I don’t know if other divorcing parents are as diligent as I was in finding ways to make divorce easier on a child. I consulted dozens of books on psychological support for children going through a divorce, listened to podcasts and family therapists on the web, and absorbed any information on how to get over the divorce with a child.

My daughter is seven years old. It’s the most challenging age to break the news about divorce according to my extensive research. Elementary school kids are old enough to understand adults’ feelings and the complexity of the situation. But, unfortunately, they are also more prone to mental disorders such as anxiety and depression.

As a child of divorced parents, I suppose I’ve had first-hand experience coping with mental health issues. Neither my mom nor my dad tried to make it easier on me. The very thought that children might need psychological support in a post-divorce period was foreign to my parents.

RELATED: Kids With Divorced Parents Will Be OK

Whenever I stayed with my dad on assigned weekends, he would drag me into the middle of conflicts between him and my mom. He called her names and blamed her for their divorce. As for my mother, she wasn’t the best role model either. Two months after the divorce, she brought home her brand-new boyfriend, whom she had met three weeks earlier. That was her idea of revenge on my father.

Needless to say, I was crushed and angry. I started hating my mother and defying her on every occasion. My dad rejoiced. It was not till I turned 18 that I found out my father had cheated on my mother, which ruined their marriage.

Coping with divorce as a child in such a toxic environment left deep marks on my perception of family and marriage.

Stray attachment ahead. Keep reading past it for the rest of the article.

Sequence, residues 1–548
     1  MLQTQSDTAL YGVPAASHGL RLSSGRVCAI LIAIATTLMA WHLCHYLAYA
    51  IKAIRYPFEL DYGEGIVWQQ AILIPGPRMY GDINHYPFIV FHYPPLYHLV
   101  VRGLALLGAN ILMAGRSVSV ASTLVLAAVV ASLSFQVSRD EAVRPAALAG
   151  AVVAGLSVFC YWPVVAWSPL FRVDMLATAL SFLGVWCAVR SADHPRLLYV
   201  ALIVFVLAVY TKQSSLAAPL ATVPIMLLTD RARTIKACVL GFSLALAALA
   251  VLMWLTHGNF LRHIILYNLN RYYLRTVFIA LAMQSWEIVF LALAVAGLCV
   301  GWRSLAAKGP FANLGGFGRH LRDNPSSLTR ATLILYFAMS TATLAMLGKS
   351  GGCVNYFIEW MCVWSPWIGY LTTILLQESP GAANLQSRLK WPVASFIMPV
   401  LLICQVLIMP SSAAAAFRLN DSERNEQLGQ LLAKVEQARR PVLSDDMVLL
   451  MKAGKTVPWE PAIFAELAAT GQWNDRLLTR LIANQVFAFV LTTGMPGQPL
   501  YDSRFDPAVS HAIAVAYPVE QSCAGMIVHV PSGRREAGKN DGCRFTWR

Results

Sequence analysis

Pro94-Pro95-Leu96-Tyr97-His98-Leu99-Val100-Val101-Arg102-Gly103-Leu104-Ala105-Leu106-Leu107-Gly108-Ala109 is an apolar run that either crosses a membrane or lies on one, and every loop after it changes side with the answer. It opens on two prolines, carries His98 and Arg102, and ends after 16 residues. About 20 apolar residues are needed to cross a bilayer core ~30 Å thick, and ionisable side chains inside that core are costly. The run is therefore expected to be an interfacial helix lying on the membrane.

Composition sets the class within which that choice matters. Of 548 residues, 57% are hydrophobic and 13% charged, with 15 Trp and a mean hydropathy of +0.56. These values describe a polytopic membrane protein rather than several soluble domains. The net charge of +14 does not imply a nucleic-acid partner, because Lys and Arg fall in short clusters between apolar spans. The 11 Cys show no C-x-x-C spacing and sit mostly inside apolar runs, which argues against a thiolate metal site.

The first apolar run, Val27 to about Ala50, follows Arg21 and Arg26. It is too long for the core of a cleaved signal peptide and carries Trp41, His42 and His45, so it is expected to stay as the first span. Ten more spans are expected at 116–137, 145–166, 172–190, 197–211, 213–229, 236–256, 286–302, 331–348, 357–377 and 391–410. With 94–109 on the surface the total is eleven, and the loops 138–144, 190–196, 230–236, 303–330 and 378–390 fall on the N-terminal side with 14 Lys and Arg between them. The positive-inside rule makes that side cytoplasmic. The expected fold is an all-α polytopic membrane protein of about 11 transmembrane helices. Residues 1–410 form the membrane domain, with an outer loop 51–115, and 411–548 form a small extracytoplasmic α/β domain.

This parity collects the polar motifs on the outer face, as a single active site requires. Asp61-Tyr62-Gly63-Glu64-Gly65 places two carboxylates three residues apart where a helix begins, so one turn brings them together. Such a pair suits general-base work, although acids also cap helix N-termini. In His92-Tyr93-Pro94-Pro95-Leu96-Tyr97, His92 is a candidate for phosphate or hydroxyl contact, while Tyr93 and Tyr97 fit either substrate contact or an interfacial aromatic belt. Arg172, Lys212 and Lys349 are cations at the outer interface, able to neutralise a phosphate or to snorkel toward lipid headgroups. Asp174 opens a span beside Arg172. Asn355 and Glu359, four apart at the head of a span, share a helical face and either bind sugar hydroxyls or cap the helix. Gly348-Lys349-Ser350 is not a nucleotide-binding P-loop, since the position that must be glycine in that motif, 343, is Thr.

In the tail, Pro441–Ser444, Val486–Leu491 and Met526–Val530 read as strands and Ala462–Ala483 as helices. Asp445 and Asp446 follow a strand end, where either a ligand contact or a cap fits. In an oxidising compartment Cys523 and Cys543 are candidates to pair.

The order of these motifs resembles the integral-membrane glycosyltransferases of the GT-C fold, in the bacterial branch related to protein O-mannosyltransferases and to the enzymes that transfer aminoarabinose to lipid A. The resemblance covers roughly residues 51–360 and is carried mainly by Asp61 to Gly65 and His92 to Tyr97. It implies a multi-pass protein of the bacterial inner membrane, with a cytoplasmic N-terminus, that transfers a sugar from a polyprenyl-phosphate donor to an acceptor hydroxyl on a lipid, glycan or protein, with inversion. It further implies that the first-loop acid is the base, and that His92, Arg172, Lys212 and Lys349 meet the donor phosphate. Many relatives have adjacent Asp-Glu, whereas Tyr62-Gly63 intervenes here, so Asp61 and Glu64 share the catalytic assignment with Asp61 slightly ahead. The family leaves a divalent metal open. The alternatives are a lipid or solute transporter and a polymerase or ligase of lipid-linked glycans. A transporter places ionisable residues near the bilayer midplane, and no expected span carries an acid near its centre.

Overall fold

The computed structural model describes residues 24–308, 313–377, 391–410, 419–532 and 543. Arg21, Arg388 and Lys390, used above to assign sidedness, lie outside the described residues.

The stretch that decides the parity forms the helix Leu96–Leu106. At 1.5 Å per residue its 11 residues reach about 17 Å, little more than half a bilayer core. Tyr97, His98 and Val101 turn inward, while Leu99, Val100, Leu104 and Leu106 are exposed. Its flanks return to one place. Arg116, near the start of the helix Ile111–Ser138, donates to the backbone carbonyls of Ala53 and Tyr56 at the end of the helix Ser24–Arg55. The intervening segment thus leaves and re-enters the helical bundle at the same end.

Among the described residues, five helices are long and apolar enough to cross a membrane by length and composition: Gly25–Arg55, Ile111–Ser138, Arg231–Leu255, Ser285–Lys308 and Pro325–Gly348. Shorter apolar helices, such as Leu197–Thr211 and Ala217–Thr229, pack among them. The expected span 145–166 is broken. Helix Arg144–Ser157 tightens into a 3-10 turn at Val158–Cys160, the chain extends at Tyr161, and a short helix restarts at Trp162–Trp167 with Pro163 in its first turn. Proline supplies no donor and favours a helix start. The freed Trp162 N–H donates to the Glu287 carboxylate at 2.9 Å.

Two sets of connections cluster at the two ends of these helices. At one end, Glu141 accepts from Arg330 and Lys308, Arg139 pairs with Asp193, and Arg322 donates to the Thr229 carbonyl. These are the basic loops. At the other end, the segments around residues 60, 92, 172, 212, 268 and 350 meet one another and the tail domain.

Who knows, maybe that traumatizing experience was partly responsible for my own divorce.

The way my parents treated me was the opposite of how you should deal with divorce and children. Instead of giving me the attention I needed at that challenging time, they focused on their resentment and revenge. Each of my parents expected that I would pick their side and support them when, in reality, I was the one who needed help the most.

I have no idea how I managed to get over divorce as a child. Maybe, I’m still recovering.

Unfortunately, not everybody can deal with separation wisely when a child is involved. Many parents wrongly believe their divorce doesn’t affect their kids that much. As a result, children may feel betrayed and lonely in their suffering. 

As for me, I knew I wasn’t going to be one of those parents who deprive their children of emotional support because they cannot put the child’s interests above their own.

Armed with the knowledge I had gathered from the many articles on how to help your child through a divorce, I prepared to fight for my daughter’s happy childhood. I spent countless hours collecting anything I considered valuable from leaflets and books titled something like “help for children of divorce.”

I learned there are several critical stages of helping kids cope with divorce.

The first and the hardest one is to tell your child about it. And their reaction can sometimes be unpredictable.

My daughter didn’t throw any tantrums, unlike some other kids. She didn’t ask any questions either. When it was time to have that dreadful conversation, she didn’t say anything. Instead, she remained silent while I convinced her that our decision to split had absolutely nothing to do with her.